In Hawaii it’s not uncommon to come across unpermitted homes and properties with both permitted and unpermitted structures. It’s commonly understood that appraisers will not grant much (if any) value to unpermitted structures. But there’s another permit status that is less familiar to buyers — the home that is being marketed with “open permits.” Open permits or code violations can be a nightmare for an unknowing buyer.
WHAT IS AN OPEN PERMIT”?
An “open permit” is one that has been issued by the County of Hawaii Department of Public Works Building Division but which has not yet been finalized. For a home to be “fully permitted” a final inspection is required and must be passed.
OPEN PERMITS AND CODE VIOLATIONS CAN BE A NIGHTMARE FOR A HOMEBUYER
Open permits or code violations can be a nightmare for an unknowing buyer. Failure to identify open permits on a home can result in a buyer inheriting this uncertain status. Requirements to close an open permit can include fines and fees, completion of pending work, or even removal of work that has failed inspection. Imagine paying for what you think is a fully permitted home only to find out it lacks permits when you try to sell? All other things equal an unpermitted home sells for less than a permitted one.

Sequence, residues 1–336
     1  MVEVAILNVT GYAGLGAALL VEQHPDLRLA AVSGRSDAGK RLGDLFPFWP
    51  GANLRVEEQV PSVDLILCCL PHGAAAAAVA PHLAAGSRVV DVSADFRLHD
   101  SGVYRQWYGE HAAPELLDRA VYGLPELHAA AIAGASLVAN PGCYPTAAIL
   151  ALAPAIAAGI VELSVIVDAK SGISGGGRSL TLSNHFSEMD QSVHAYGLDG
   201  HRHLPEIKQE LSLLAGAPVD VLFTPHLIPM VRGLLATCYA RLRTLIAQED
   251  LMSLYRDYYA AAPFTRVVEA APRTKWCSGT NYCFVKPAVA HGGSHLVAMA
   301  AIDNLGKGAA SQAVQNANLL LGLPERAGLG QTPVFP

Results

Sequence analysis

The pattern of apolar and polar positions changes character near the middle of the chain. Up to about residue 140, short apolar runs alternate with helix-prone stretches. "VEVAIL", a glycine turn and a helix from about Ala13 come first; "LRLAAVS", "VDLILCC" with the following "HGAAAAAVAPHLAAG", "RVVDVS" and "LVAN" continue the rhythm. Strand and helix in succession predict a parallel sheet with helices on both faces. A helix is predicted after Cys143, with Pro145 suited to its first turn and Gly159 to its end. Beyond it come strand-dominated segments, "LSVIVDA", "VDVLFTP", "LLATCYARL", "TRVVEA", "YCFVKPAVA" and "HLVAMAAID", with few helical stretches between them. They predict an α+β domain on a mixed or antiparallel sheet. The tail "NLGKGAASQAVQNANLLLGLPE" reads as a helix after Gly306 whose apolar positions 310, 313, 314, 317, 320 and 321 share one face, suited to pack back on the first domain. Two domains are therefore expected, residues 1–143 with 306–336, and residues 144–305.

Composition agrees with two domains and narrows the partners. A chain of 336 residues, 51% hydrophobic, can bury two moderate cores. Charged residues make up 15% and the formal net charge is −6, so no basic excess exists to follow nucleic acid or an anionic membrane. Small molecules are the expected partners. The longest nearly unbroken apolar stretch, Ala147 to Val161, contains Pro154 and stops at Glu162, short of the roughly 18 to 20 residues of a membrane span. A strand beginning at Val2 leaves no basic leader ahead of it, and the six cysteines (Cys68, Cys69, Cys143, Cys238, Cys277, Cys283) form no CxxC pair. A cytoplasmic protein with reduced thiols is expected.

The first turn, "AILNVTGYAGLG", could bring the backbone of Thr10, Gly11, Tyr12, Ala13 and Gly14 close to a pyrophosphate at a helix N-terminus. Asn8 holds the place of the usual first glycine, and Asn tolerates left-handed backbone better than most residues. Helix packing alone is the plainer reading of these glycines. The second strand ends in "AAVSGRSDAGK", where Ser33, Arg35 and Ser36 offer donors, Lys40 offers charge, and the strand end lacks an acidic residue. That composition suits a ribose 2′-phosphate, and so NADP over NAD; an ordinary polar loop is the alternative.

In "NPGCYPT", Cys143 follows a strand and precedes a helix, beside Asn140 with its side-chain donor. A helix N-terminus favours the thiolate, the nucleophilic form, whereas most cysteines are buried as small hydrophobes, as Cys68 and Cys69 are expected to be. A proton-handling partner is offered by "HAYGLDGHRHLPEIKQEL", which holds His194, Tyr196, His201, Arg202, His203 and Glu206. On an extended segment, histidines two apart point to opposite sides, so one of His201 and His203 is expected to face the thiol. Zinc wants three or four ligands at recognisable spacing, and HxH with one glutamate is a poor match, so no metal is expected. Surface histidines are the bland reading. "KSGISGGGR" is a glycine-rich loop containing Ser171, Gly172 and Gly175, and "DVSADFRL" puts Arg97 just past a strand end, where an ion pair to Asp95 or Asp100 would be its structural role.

SELLERS AND LIST AGENTS CAN BE MISINFORMED ABOUT PERMITS
In a recent transaction involving new construction I initially relied on claims made by the listing agent regarding the home’s permit status. I was first told the home was “fully permitted” but when I sought evidence, I was told “the home is fully permitted but has not yet passed final inspection.” I was later informed, “the final inspection will be passed before the close of escrow, but it cannot be scheduled right this minute due to the backlog.” The “backlog” was given as the explanation for why I was unable to find the passed electrical and plumbing permits in the County’s Electronic Processing and Information Center (EPIC).
In this case I learned the list agent was misinformed about the status of the home’s building permits. She may have been relying on misinformation provided by the seller. The seller may have been relying on misinformation provided by the builder. Not really sure.
FOR PERMIT STATUS, GO TO THE HAWAII BUILDING DEPARTMENT
It was an in-person visit to the County of Hawaii Department of Public Works Building Division that clarified the permit status. I learned the backlog was not prohibiting the scheduling of a final inspection and that the most recent electrical and plumbing inspections had been rejected. Until they are passed, no final inspection can be scheduled or passed.
APPROVE PERMITS TO REMOVE YOUR INSPECTION CONTINGENCY
As a result of the information gathered at the Building Division we canceled escrow. My buyer had written an offer believing the home was fully permitted. Our due diligence showed the home was of an uncertain status in regard to permits. Many weeks past the date we were originally scheduled to close escrow the home had still not passed final inspection.